GUIDELINES FOR ABSTRACTS
The deadline for abstract submission was March 29th, 2017 (ADT). We will not accept submissions beyond the deadline.
The word limit for the abstract summary is 300 words. Your abstract will appear in the abstract book exactly as you enter it online. You are welcome to submit a tweet of 140 characters to accompany your abstract.
An individual may be primary author on only one abstract and primary authors should submit their own abstracts.
You will need to identify a theme for the abstract submission. Each theme is accompanied by a brief description to help you decide which is most relevant for your submission. There are 18 themes to choose from.
There are four presentation formats to choose from:
Oral presentations are each allotted 15 minutes: 12 minutes for your presentation, two minutes for questions and one minute for transition.
A speed talk is a four-minute presentation during which you may present key-ideas, results and their meaning/implication. As a guide, three slides should be sufficient to allow you to get your point across.
Posters are an extended abstract with easily readable text and graphics. Posters typically include a title, authors, background, methods, 1-3 results, conclusions and acknowledgements.
Instructions on specifications will be available soon.
Video presentations are four minutes and created using various media such as high-resolution video, animation and narration. Authors should use these media in a creative manner to clearly express the purpose of the study, results and their implication and to be understood not only by scientific peers but also by a wider audience. Questions will be asked during a 15-minute period at the end of the session.
Each submitted abstract is reviewed and scored by three independent reviewers who have expertise in the specific subject area. The abstract review process is conducted blind; all authors' names will be removed from the abstract before the reviewer gains access to the abstract. After adjusting for differences in scoring among individual reviewers, abstracts are ranked on the basis of their overall score, and available slots for spoken, poster and video presentations are allocated according to merit using all submissions combined across all themes, taking into account presentation preferences.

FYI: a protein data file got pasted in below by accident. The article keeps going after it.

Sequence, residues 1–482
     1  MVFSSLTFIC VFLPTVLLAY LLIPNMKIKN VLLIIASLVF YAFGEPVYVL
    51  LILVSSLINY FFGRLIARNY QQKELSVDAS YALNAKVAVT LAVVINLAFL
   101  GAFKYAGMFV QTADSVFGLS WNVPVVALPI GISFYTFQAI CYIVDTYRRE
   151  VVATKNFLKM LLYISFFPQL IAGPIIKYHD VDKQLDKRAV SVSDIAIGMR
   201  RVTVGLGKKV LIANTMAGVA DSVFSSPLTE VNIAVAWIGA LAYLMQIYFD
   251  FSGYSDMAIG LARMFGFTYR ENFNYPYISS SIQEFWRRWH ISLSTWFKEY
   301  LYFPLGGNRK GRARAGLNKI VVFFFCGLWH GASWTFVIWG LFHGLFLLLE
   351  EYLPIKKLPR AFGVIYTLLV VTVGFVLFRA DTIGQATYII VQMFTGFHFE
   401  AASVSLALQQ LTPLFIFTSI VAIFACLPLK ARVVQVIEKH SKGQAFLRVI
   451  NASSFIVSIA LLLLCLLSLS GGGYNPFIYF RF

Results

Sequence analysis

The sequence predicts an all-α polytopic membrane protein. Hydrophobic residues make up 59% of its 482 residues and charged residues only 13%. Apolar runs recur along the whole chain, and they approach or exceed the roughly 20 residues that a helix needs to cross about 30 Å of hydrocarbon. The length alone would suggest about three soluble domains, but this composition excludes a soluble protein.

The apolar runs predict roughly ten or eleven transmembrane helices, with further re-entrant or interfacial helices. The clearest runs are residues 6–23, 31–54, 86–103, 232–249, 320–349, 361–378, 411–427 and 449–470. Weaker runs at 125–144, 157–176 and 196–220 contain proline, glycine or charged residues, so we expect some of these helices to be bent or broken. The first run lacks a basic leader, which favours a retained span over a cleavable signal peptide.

Reviewers use the following four criteria to judge abstract submissions:
Abstracts containing significant new findings or presenting new approaches will be given higher scores than those that describe updates, modifications to older findings, or routine applications of well-established research methods.
Abstracts should demonstrate that robust and appropriate research methods were used, and include a scientifically robust study design. The outcome of the research should provide clear answers to the main research questions posed. The methods and results should be described in sufficient detail and the conclusions supported by the data.
This criterion addresses the importance of the research in terms of advancing the field of marine mammal science, or the conservation and management of marine mammals.
Abstracts that are clearly written and concise will receive higher scores. This criterion addresses how well the specific research question(s) and objectives, methods used, primary results, etc are explained, rather than the quality of the study itself. A clearly written abstract follows a logical order (e.g. aims, methods, results, followed by a clear interpretation of the results and any conservation management implications).